Anonymous App Whisper Tracks Users, Gives Info to Government

Anonymous app Whisper promises its users anonymity when they post on its social network, but in reality its parent company is tracking users and sharing information with the government.

The problem is that many of Whisper's users bought into the idea of anonymity on the Internet (foolish, we know!) and specifically opted out of geolocation tracking -- all to find out that there was no such thing, according to the Guardian. So, those posting about personal and intimate details about their lives should probably stop. 

Whisper also hands over information from smartphones around military bases to the U.S. Department of Defense.

Whisper denied that it tracked users, but four days after hearing the Guardian would publish its story, rewrote its terms of service and privacy policy.

Whereas the previous terms and conditions described all of Whisper’s tracking of user location as “voluntary”, the new terms now warn users to “bear in mind that, even if you have disabled location services, we may still determine your city, state, and country location” .  .  .  It now warns users[in its privacy policy] that turning on the app’s geolocation feature may “allow others, over time, to make a determination as to your identity”.

The Guardian's in-depth piece (it was exploring a partnership with the app at the time, but now it's not) told of the executives tracking certain "newsworthy" users based on their descriptions, such as a "sex-obsessed lobbyist" in Washington or soldiers on the front lines in war zones. Apparently the technology allows the company to monitor all messages from a specific area including the Pentagon and National Security Agency, as well as individual user behavior over a period of time. From the report:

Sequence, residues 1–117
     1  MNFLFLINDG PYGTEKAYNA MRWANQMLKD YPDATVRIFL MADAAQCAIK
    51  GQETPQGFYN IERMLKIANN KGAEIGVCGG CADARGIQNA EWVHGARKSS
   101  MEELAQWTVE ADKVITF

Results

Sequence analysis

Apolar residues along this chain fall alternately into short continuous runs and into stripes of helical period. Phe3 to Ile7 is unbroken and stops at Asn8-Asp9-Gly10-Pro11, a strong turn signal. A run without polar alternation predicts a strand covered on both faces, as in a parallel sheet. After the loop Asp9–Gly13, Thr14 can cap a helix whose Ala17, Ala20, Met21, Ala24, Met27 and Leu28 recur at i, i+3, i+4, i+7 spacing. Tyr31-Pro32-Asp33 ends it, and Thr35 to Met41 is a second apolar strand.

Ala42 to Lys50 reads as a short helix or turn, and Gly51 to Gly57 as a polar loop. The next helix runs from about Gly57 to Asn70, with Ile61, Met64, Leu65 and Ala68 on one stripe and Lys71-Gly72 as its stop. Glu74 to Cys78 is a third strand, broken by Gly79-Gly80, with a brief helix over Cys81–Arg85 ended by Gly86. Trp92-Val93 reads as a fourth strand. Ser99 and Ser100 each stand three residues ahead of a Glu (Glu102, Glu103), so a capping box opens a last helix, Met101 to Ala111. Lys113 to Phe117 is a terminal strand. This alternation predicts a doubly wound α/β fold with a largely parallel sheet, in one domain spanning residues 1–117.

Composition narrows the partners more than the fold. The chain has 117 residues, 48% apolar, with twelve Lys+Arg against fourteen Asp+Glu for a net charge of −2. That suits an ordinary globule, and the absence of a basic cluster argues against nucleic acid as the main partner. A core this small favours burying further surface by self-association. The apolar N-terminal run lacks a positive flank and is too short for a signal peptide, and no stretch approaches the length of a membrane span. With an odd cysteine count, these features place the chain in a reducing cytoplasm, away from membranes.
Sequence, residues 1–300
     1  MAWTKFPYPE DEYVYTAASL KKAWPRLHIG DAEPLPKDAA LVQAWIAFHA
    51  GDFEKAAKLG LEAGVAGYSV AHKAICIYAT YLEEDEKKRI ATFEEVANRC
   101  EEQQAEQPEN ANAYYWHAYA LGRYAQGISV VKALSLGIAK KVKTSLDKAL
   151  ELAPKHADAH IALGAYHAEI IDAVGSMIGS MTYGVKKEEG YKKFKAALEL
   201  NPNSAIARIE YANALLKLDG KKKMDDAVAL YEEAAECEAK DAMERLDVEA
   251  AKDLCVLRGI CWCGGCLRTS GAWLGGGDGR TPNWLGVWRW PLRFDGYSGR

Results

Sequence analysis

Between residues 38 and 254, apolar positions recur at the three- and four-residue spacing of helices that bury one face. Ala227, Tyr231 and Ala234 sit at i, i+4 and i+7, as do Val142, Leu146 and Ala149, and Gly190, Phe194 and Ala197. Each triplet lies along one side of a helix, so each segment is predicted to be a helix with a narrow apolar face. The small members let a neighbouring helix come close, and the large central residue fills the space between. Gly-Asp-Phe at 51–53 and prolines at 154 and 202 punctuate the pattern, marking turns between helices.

User data, including Whisper postings that users believe they have deleted, is collated in a searchable database. The company has no access to users’ names or phone numbers, but is storing information about the precise time and approximate location of all previous messages posted through the app. The data, which stretches back to the app’s launch in 2012, is being stored indefinitely, a practice seemingly at odds with Whisper’s stated policy of holding the data only for “a brief period of time”.

The whole report is the antithesis of what Whisper founders said the app was going to be. “Whisper isn’t actually about concealing identity. It’s about a complete absence of identity,” said the company’s founder and chief executive Michael Heyward, according to the Guardian. “The concept around Whisper is removing the concept of identity altogether, so you’re not as guarded.”
From the report, it seems that its users should be much, much more guarded now.
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